However, this calibration source requires a gas-tight vessel of HCl solution contained in a thermostatic bath that presents considerable difficulty for many field measurement applications. Adaptations include immersing thin-wall Teflon tubing in concentrated HCl, high-concentration HCl cylinders, and HCl permeation devices. Gaseous HCl generated by these methods then mixes with loose NaNO2 crystals in a stirred reactor (Stutz et al., 2000), dispersed using 3 mm glass beads packed in PFA tubing to increase porosity (Roberts et al., 2010), or pieces of PFA tubing (McGrath et al., 2019; VandenBoer et al., 2015; Zhou et al., 2018). These adapted approaches have been used to calibrate many atmospheric HONO instruments (Crilley et al., 2019; Heland et al., 2001; Ren et al., 2010; Roberts et al., 2010; Stutz et al., 2000; VandenBoer et al., 2013, 2015; Wang and Zhang, 2000; Young et al., 2012). An alternative approach that utilised dilute H2SO4 for the acid displacement reaction with aqueous NaNO2 was outlined by Taira and Kanda (1990). While this approach was shown to generate a stable and tunable HONO output at hundreds of ppbv, it has not been widely adapted, likely due to the need for complex custom glassware and liquid flow control in the calibration apparatus and significant dilution to reach single-digit ppbv mixing ratios (Kleffmann et al., 2004).
While widely used, the method described by Febo et al. (1995) presents several practical challenges. The typically high HONO mixing ratios generated by this approach (up to 20 ppmv) are challenging to dilute to atmospherically relevant mixing ratios. The high quantities also lead to auto-dissociation of HONO (Reaction R3), resulting in the production of nitrogen oxide impurities of NO and NO2 (Febo et al., 1995; Neuman et al., 2016), and ClNO in the presence of HCl at ppmv levels (Gingerysty and Osthoff, 2020).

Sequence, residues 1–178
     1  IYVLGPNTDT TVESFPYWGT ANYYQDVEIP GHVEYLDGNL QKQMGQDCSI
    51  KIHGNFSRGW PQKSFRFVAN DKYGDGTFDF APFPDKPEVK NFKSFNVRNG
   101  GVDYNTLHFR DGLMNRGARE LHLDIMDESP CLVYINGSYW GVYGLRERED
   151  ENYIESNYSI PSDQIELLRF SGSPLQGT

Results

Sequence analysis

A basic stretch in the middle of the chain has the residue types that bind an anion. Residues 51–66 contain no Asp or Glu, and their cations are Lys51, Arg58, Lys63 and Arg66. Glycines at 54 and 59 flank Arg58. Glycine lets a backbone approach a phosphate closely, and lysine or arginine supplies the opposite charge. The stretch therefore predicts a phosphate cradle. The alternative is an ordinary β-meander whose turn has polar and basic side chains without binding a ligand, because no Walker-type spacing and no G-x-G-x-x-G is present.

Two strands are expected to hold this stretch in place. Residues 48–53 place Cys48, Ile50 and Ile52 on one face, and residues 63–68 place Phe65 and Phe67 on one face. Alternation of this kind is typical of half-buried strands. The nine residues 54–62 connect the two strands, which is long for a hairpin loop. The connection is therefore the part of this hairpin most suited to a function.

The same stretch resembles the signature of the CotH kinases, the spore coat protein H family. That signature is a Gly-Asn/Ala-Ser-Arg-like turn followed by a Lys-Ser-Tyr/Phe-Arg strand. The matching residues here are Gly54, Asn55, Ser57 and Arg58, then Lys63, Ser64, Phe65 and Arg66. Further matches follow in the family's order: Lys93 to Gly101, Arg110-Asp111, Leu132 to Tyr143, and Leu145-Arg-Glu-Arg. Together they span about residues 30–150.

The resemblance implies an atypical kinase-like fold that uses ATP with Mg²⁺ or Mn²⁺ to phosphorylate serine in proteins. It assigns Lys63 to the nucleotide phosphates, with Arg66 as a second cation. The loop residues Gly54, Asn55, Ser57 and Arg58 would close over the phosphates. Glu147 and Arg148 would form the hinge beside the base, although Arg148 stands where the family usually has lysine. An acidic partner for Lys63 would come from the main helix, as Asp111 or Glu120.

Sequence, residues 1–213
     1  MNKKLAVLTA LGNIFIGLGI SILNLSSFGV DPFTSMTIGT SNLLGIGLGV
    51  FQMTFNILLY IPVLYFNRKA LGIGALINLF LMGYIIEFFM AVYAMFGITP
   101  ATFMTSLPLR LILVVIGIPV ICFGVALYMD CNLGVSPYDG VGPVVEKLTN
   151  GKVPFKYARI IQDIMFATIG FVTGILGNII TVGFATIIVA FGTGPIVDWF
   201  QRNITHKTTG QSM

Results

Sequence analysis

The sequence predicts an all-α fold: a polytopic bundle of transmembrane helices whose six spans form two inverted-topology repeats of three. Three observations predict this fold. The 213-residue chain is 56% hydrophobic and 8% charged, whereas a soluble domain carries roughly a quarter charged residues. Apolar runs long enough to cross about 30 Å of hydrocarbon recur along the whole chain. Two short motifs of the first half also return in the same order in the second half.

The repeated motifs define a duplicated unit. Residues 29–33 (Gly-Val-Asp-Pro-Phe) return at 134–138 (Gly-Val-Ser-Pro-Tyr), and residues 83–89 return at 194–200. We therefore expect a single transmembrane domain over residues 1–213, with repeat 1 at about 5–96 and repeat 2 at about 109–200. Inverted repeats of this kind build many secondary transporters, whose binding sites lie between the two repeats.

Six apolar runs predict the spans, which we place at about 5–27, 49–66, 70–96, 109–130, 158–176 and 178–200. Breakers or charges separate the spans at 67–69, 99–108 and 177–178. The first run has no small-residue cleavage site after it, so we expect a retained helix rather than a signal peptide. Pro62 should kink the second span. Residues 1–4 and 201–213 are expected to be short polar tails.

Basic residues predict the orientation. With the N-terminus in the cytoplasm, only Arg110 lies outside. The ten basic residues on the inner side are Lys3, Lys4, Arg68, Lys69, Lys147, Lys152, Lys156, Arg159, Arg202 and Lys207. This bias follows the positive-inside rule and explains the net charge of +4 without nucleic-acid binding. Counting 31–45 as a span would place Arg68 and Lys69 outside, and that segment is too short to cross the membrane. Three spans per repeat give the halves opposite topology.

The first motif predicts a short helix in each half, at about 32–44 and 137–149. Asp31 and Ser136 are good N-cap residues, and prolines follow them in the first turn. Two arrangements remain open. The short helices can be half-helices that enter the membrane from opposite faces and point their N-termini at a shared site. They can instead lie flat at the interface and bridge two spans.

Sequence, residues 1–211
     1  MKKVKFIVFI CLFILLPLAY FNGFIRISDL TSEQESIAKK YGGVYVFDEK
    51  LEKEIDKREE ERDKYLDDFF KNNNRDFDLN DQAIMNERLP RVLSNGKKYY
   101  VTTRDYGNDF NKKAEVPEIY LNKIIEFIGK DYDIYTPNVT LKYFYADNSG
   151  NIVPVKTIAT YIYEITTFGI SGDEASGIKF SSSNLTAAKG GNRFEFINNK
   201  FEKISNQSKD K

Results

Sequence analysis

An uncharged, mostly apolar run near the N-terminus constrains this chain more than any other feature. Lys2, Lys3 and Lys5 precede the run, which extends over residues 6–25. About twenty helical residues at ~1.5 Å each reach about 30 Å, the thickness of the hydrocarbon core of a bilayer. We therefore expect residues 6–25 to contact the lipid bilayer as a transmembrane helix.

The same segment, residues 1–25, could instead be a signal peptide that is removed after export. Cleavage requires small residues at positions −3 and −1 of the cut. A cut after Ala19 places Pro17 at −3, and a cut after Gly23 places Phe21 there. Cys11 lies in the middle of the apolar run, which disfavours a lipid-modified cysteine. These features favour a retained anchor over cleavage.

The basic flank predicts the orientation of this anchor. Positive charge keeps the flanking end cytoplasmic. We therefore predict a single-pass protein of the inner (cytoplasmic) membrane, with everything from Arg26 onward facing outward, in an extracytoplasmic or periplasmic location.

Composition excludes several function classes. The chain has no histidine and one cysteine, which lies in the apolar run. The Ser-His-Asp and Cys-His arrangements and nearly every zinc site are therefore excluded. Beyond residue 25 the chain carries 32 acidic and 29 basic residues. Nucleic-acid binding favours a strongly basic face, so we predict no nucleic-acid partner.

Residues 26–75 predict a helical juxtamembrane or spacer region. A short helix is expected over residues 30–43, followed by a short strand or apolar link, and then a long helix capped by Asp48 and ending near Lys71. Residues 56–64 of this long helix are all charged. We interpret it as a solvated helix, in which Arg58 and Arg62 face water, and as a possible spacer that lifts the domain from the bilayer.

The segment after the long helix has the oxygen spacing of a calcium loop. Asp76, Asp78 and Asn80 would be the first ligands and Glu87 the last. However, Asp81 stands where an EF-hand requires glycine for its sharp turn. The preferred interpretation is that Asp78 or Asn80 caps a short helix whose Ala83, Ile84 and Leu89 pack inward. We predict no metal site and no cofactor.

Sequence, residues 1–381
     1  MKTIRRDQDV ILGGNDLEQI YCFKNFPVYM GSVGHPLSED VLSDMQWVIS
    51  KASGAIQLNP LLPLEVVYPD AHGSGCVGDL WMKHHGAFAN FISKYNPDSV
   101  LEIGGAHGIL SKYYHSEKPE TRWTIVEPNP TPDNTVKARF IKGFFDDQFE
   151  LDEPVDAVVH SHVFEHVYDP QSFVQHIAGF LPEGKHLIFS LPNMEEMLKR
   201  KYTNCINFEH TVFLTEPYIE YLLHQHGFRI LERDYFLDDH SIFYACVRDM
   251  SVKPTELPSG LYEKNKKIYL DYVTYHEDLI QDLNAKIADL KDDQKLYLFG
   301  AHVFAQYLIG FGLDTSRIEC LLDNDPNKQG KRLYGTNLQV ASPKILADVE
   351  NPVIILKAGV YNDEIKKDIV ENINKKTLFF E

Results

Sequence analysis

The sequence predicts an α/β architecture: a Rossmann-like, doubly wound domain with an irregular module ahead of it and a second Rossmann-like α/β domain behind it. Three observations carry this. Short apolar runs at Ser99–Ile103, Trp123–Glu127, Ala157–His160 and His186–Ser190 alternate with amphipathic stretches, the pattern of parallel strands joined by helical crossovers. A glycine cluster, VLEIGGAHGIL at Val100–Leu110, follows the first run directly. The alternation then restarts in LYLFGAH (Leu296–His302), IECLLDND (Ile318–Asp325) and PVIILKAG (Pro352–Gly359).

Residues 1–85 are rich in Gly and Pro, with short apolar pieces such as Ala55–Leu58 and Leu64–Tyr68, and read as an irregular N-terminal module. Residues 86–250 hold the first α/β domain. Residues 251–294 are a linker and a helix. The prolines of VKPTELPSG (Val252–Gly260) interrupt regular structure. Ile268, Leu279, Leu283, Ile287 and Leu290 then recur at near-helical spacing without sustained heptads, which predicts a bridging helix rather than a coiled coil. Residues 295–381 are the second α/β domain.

Further, to reduce the variability in HONO output over time, the powdered NaNO2 bed requires continuous mixing to maintain equilibrium between the adsorbed HONO and carrier gas flowing over the salt bed to minimize the production of NOx by Reaction (R3), as well as a Teflon filter to prevent loss of NaNO2 powder by entrainment in the gas flow. The degradation of the powdered NaNO2 structure can limit the lifetime of the source and results in unstable HONO production rates (Febo et al., 1995; Gingerysty and Osthoff, 2020). Other systems using dispersed NaNO2 suffer from sensitivity to vibration, causing changes in HONO output and limiting calibration accuracy (Zhou et al., 2018). Once operational, the original or modified methods require up to a day to stabilize, and these systems must be kept continuously operating and stationary to preserve the HONO output stability.